Tivo has lots of competitors. Every cable and satellite provider has their own DVRs. This is extremely attractive to some people because they don't have to deal with a box they own. If it breaks they just exchange it for a new one. No upfront costs to buy the hardware and the monthly fees are on a par with what Tivo charges, and sometimes slightly less. Of course, they don't have the same features as a Tivo, but these devices are aimed at customers that either don't care about the extra bells and whistles a Tivo provides or they just don't know enough about them to make an informed decision.

Another chief competitor is the HTPC. This is geared more towards the enthusiast, but it's not the daunting device that many make it out to be. Most Tivo owners just want a device that acts as an appliance. The argument can easily be made that a well configured HTPC is exactly that. The only maintenance I perform on mine is dealing with the monthly Windows updates that Microsoft sends out as well as an occasional driver update. Other than that, there's really nothing else that I need to do to keep it running except maybe an occasional reboot, which I seldom have to do. It's every bit as reliable as the few dozen Tivos I've owned over the years.

The best part is that a HTPC is configurable to be just about anything you want whereas a Tivo just comes with whatever it comes with. There are no monthly fees associated with a HTPC over and above what you pay for your TV service plus the cost of a cablecard rental. Guide data doesn't cost you anything and a Windows 7 or 8 license is far less expensive than Tivo's lifetime service. FWIW, Tivo is still playing catchup with features HTPC owners have enjoyed for years.

Unfortunately, neither of the above has driven Tivo's costs down for the consumer. If anything, the lifetime fee is 4 or 5 times what it was originally and the monthly fees have gone up considerably. The hardware may be subsidized, but you're just paying for it in longer installments.
mr.unnatural is offline   Reply With Quote
Old 08-27-2013, 10:28 AM   #18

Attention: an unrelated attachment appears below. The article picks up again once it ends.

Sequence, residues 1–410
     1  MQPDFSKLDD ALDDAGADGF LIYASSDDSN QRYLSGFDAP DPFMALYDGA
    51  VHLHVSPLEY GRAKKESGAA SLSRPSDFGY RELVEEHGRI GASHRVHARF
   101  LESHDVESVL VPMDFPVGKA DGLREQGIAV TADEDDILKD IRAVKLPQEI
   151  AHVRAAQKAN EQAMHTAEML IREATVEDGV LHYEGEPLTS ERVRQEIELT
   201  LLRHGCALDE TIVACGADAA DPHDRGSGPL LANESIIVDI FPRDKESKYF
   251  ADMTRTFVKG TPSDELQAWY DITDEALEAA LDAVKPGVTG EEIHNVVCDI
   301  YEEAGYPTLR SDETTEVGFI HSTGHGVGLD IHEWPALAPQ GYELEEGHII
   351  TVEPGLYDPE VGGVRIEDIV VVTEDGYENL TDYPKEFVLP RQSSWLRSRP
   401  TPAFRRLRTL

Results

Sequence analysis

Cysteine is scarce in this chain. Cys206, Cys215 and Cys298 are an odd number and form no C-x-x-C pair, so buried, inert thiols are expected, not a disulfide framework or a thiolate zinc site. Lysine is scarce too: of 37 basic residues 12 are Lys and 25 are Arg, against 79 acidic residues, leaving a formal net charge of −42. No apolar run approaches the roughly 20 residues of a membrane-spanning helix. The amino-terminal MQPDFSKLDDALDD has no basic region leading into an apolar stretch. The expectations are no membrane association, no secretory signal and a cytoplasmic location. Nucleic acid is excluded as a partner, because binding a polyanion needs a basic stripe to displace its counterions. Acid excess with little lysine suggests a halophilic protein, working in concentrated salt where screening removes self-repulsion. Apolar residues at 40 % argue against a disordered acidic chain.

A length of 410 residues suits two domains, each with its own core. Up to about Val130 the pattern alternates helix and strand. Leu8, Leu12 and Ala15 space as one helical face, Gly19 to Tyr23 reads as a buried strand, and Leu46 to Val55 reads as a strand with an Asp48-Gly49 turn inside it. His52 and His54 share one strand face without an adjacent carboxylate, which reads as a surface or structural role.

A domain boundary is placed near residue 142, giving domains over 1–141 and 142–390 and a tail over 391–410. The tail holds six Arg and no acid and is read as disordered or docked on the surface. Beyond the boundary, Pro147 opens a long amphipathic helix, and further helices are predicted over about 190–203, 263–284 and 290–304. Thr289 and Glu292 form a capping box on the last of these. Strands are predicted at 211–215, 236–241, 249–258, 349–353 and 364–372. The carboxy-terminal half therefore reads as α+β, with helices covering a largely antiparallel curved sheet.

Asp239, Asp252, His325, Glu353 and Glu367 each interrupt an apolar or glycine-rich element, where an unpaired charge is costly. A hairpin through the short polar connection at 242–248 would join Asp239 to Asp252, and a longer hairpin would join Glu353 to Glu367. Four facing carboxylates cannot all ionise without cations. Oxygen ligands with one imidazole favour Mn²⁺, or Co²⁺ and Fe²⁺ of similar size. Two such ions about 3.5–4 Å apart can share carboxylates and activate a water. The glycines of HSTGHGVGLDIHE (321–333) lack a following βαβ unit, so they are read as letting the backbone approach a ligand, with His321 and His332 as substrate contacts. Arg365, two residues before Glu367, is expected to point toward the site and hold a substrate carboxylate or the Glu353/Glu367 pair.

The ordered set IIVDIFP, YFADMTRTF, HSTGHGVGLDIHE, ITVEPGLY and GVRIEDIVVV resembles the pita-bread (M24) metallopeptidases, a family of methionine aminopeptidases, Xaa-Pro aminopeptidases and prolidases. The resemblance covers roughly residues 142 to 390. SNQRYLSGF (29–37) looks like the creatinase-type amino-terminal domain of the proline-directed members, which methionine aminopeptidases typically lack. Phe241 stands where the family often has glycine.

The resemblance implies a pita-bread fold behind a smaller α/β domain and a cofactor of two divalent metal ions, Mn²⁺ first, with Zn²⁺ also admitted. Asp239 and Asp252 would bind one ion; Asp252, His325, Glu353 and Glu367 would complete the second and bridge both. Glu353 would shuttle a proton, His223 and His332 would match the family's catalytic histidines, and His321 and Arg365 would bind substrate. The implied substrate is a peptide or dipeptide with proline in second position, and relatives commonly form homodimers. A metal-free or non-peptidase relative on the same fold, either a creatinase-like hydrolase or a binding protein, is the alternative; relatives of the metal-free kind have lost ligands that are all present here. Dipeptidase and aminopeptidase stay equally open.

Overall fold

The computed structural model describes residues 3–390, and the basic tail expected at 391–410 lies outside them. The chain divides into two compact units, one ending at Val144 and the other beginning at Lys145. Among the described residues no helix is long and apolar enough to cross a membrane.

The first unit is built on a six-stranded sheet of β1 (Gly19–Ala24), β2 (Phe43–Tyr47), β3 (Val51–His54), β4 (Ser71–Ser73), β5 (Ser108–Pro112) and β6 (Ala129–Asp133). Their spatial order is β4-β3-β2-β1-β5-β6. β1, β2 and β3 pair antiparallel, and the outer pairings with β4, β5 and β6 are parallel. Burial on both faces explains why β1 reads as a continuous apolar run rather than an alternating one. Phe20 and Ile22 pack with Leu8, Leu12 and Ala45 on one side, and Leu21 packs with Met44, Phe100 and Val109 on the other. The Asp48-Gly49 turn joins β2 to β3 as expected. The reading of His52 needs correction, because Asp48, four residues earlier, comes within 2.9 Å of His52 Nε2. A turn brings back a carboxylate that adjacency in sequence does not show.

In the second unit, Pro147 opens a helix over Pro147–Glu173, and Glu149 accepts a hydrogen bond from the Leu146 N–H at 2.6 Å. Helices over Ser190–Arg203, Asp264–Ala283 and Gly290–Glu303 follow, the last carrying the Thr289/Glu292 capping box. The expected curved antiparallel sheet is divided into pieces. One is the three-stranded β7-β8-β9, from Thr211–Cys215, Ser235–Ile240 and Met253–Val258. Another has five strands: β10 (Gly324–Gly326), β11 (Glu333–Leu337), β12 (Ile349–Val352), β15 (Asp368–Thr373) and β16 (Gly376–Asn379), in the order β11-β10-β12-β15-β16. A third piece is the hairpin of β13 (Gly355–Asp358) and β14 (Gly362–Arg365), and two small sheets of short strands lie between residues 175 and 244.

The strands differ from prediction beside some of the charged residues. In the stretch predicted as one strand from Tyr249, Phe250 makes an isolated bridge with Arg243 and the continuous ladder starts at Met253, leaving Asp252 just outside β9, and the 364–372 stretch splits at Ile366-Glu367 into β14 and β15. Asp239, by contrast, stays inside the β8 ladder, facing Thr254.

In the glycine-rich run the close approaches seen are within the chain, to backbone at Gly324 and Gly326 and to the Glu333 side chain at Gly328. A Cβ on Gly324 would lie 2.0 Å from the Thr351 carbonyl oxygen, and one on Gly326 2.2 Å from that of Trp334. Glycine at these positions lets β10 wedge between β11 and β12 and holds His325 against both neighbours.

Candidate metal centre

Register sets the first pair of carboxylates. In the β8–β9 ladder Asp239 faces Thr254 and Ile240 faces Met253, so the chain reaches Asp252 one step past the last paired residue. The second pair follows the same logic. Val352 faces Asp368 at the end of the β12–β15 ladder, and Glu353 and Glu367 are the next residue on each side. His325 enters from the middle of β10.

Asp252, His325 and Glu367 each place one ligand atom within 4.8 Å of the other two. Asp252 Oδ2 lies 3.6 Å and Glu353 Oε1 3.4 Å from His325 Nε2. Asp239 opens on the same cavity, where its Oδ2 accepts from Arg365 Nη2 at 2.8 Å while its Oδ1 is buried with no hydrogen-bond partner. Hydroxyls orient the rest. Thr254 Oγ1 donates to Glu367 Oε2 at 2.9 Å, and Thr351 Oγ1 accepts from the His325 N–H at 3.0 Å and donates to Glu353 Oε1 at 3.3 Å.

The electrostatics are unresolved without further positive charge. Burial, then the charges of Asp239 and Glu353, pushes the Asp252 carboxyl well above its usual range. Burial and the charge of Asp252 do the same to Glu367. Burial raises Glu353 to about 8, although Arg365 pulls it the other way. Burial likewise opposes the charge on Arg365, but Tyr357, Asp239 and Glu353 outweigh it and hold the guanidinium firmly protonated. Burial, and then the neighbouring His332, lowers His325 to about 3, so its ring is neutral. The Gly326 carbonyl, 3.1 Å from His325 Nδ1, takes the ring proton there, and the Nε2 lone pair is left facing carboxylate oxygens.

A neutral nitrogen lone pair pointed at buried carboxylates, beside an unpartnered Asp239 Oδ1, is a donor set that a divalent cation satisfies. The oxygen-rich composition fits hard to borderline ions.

Grakthis
Registered User
 
Join Date: Oct 2006
Posts: 740
Quote:
Originally Posted by jrtroo View Post
Lifetime is worth it. Just do it.
We've had this conversation in about a million threads, but it just isn't. You have to keep the same box with no desire to upgrade for almost 3 years to make your money back and after that your profit is tiny, because it's a discounted 12.99 a month (how much is a payment of 12.99 worth 3 years from now?). No one in finance would advise you to take that bet. Which is why TiVo sets the price where they do.
Grakthis is offline   Reply With Quote
Old 08-27-2013, 10:58 AM   #19
atmuscarella
Registered User
 
Join Date: Oct 2005
Location: Rochester NY
Posts: 3,891
Quote:
Originally Posted by Grakthis View Post
We've had this conversation in about a million threads, but it just isn't. You have to keep the same box with no desire to upgrade for almost 3 years to make your money back and after that your profit is tiny, because it's a discounted 12.99 a month (how much is a payment of 12.99 worth 3 years from now?). No one in finance would advise you to take that bet. Which is why TiVo sets the price where they do.
Worrying about the time value of money right now is a waist of time for most people and it is not 3 years before you are head with lifetime it is only 31 months for people getting MSD.

If you like paying monthly please do so, it helps TiVo be more profitable and helps assure they will be around a long time to keep providing me my lifetime service, which has long ago reduced the cost of service on all my units to significantly below the cost of having actually paid monthly on them.
__________________
atmuscarella
R.I.P. - 04/04 - Dish 510
09/05 - Humax T-800
R.I.P. - 08/06 - TiVo
05/08 - TiVo HD
06/08 - Panasonic 50PZ800U 50" Plazma!!
03/10 - Series 3
11/10 - Premiere
09/13 - Roamio

Last edited by atmuscarella : 08-27-2013 at 11:04 AM.
atmuscarella is offline   Reply With Quote
Old 08-27-2013, 11:27 AM   #20
Grakthis
Registered User
 
Join Date: Oct 2006
Posts: 740
Quote:
Originally Posted by atmuscarella View Post
Worrying about the time value of money right now is a waist of time for most people and it is not 3 years before you are head with lifetime it is only 31 months for people getting MSD.

If you like paying monthly please do so, it helps TiVo be more profitable and helps assure they will be around a long time to keep providing me my lifetime service, which has long ago reduced the cost of service on all my units to significantly below the cost of having actually paid monthly on them.
In that case, give me 10G right now and I'll give it back to you in 3 years. Since TVM doesn't matter, right?

31 months is over 2.5 years and I said "almost 3 years." Don't be a pedant. No one likes a pedant.